Residents raise concerns about school vouchers, transportation
Written by Nathan Vine, Stevens Point Journal Media
Residents came out Thursday to talk to their local representatives about Gov. Scott Walker’s proposed 2013-15 budget.
State Sen. Julie Lassa, D-Stevens Point, and Rep. Katrina Shankland, D-Stevens Point, held office hours together in Stevens Point, Amherst and the village of Plover.
Sue Hall of Stevens Point came with concerns about Walker’s proposed expansion of the school voucher program and what effects that would have on public education.
Lassa said the proposal is troubling, especially after the $1.6 billion Walker cut out of education in his previous budget and with no increase in this budget.
“It’s sending us, as a state, in the wrong direction. You’re creating almost dual publicly funded school systems,” Lassa said. “Proponents say those vouchers will help public school students who are locked in a failing school, but if there’s a waiting list, they don’t go to those students but to those in prinvate schools first.”
Shankland said while the issue likely would be passed by the Assembly, it could face some difficulty getting out of the Senate.
“If there’s one thing that’s possible to change in the budget, it’s school vouchers. We’ve seen already that there are some Republicans in the Senate who have issues with it,” Shankland said. “You’re creating a separate but unequal system, because these schools don’t have Common Core standards and don’t even require background checks for teachers. If they get state money, they should be following the same standards.”
Another area of concern was Walker’s plan to borrow more than $1 billion, primarily for transportation projects. Bob Fisch of Stevens Point, who organizes Poky Pedaling, a series of informal bike rides around the community, noted that transportation funding for nonmotorized transportation was cut in the budget from $26 million to $13 million.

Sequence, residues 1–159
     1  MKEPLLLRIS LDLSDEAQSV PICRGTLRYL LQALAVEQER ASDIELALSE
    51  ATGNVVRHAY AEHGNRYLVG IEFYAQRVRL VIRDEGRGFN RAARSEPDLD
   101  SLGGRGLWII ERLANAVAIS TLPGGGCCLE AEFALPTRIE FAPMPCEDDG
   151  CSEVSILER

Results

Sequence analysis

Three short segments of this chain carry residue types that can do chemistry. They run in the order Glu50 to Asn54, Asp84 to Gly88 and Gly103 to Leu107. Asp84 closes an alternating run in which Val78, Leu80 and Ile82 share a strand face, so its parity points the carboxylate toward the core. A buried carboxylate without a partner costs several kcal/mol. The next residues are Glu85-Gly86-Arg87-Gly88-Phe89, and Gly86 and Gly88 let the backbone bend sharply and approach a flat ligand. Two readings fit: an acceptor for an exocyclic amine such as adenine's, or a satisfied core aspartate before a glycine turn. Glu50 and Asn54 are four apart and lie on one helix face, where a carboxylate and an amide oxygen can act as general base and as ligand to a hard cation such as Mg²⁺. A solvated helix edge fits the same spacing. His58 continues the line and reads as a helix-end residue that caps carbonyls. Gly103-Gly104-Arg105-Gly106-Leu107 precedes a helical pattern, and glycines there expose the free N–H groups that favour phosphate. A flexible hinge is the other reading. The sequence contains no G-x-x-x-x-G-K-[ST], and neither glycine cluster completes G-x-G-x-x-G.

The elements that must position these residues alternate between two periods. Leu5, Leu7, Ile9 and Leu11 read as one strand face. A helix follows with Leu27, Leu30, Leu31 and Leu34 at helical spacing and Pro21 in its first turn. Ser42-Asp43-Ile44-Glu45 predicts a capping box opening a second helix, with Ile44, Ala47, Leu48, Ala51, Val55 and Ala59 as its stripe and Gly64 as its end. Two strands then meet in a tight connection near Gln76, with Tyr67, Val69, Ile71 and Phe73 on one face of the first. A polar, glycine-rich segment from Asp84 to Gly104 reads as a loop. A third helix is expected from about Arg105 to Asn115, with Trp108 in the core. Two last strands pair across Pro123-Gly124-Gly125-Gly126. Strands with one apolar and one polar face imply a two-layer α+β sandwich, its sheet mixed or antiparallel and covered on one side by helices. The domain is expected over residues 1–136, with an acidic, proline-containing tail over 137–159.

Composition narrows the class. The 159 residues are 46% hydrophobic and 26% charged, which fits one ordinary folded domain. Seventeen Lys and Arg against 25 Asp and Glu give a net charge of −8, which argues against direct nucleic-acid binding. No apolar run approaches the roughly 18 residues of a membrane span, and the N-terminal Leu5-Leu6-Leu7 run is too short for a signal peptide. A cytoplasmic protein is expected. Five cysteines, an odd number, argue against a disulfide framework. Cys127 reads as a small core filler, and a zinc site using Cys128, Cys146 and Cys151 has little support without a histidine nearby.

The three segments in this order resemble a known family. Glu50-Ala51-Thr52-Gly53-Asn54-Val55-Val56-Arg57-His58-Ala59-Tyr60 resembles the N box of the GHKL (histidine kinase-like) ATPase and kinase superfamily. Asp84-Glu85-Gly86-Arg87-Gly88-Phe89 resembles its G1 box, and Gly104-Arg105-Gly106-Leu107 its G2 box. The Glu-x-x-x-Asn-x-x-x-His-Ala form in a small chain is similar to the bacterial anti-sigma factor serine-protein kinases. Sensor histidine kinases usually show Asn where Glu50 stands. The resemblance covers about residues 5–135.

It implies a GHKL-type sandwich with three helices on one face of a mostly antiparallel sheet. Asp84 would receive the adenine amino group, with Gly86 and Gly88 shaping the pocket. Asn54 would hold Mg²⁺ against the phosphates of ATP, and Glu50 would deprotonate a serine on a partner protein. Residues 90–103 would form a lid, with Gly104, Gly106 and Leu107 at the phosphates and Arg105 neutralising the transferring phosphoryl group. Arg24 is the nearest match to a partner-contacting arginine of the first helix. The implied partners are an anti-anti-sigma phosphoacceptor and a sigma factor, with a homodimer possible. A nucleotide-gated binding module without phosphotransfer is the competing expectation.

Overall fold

“I think it’s imprudent not to give people more options to get around in their community,” Fisch said. “My request would be to restore funding to at least what it was in the previous budget.”
Shankland said there is no reason if the state was going to borrow that much money that it couldn’t fund programs as it did the last budget. Lassa questioned the cut when there is a national obesity epidemic and people are being encouraged to live healthier lifestyles.
Victor Alvarez, of Stevens Point, discussed a bill being considered that would create a veterans-themed lottery game to help with funding for the Veterans Trust Fund. Alvarez, a veteran of the Vietnam War, said he would like to attend any hearings on the bill held by the Legislature in the future.
“We need to find new ways to bring money into that fund, and there is support for this idea,” Alvarez said.